During my time in Georgia one word came to puzzle me and I'm still thinking about it:
Wiktionary says this comes from Greek via Russian.
The thing is Georgia is on the Black Sea which has plenty of dolphins so why wouldn't they have their own word since the times before contact with Greek civilization? Georgian is pretty resistant to borrowing basic vocabulary. There's a native word for "whale" for instance.
Now loanwords are not as common in Georgian as in English, but they're not really rare. They are however mostly for modern/introduced concepts but Georgian is a pretty ancient language, it hasn't really moved, and dolphins have always existed in the world the Georgians inhabit.
I have a couple of theories but they're unconvincing and I haven't been able to find any information:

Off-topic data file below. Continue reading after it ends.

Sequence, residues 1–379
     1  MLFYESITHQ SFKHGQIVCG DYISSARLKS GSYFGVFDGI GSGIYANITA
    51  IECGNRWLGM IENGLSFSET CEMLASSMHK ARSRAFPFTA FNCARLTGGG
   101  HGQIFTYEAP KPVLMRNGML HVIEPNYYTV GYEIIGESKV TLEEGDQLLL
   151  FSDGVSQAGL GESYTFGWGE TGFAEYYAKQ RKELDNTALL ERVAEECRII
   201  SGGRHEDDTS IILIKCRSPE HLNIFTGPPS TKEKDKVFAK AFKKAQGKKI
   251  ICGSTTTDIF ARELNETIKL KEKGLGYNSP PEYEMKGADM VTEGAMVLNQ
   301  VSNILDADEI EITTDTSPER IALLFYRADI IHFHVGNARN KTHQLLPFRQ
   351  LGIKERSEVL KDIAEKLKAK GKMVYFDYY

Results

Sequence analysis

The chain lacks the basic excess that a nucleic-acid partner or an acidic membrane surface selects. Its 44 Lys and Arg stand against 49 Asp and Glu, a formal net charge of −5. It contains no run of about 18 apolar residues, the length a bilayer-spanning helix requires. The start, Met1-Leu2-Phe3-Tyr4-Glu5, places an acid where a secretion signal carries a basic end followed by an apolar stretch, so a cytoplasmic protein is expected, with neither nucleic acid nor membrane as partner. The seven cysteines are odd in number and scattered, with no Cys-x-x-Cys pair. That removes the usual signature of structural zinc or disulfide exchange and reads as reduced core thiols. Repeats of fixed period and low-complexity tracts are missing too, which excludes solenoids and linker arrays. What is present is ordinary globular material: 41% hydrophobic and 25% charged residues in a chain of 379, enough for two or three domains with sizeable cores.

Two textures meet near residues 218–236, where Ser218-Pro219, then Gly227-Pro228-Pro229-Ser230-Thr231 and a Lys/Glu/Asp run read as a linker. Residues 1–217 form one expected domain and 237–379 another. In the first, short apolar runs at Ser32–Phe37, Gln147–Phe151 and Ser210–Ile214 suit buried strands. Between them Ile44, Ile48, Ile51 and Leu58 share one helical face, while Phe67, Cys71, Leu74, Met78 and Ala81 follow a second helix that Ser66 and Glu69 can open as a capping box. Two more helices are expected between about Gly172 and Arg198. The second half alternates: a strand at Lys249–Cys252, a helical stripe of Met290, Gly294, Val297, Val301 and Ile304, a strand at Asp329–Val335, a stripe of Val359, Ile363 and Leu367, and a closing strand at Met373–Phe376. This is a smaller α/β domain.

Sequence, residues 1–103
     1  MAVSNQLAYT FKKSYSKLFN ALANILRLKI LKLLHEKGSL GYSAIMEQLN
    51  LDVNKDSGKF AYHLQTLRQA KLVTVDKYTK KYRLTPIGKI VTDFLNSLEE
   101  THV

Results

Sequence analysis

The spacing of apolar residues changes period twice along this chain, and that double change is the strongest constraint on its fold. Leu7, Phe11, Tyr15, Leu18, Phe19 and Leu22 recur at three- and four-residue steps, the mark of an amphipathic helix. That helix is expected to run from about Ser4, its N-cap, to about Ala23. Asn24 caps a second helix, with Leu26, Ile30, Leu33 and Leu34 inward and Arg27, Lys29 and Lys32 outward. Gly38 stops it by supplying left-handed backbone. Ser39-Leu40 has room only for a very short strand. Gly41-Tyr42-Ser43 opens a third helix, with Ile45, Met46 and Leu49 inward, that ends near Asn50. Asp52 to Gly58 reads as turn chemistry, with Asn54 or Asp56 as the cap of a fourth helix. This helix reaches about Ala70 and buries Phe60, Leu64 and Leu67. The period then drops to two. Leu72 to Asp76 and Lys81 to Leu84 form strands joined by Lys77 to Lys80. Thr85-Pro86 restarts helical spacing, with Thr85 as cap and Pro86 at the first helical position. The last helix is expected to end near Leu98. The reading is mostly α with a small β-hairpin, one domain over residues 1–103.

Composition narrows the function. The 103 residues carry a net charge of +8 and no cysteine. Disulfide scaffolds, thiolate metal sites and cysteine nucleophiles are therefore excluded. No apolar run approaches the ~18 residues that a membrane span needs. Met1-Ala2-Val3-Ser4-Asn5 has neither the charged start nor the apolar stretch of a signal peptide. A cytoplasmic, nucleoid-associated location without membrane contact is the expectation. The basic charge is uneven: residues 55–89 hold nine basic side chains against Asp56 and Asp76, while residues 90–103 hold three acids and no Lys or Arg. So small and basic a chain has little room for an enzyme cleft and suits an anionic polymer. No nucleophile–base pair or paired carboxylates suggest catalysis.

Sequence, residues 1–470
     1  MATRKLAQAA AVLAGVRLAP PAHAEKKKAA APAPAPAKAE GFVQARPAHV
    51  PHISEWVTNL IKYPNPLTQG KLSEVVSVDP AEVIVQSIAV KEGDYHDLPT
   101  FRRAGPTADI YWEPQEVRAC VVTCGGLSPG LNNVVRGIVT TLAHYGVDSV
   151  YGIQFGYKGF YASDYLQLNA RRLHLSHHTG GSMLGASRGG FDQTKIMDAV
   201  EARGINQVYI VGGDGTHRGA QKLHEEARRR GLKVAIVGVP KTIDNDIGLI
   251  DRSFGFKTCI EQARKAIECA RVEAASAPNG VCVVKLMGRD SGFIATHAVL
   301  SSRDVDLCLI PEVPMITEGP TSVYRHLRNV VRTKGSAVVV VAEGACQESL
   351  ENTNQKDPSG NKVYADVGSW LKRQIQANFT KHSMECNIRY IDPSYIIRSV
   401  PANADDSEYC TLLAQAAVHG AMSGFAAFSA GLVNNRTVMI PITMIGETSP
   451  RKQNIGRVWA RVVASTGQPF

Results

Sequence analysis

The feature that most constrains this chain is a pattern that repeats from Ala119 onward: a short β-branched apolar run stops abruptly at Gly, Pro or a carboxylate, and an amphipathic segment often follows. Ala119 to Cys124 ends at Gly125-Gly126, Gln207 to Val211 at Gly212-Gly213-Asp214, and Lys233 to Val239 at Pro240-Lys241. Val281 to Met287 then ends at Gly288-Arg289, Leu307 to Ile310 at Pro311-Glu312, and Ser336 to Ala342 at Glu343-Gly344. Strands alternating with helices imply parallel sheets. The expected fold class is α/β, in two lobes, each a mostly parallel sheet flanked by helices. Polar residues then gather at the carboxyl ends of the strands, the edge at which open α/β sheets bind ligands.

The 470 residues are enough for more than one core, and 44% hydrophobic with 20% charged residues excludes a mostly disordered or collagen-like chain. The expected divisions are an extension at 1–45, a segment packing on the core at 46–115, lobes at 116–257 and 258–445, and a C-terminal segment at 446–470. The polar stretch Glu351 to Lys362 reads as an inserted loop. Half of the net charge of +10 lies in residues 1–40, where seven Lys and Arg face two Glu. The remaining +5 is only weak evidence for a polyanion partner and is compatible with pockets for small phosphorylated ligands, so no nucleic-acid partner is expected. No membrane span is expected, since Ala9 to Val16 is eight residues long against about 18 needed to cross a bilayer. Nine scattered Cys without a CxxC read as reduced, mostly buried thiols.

- There was once a native word but it fell out of use.
(It's not in any of the bilingual dictionaries I've been able to find.)
- Dolphins were considered to be fish, like elsewhere, until relatively recently with the study of biology, taxonomy, etc.
(But different kinds of fish still have different names and dolphins are pretty different.)
ზღვის ღორი(zḡvis ḡori), which literally means "sea pig". Well English has "sea pig" and "sea hog" too. I wonder if this is common or just a calque from Russian and still not a native word?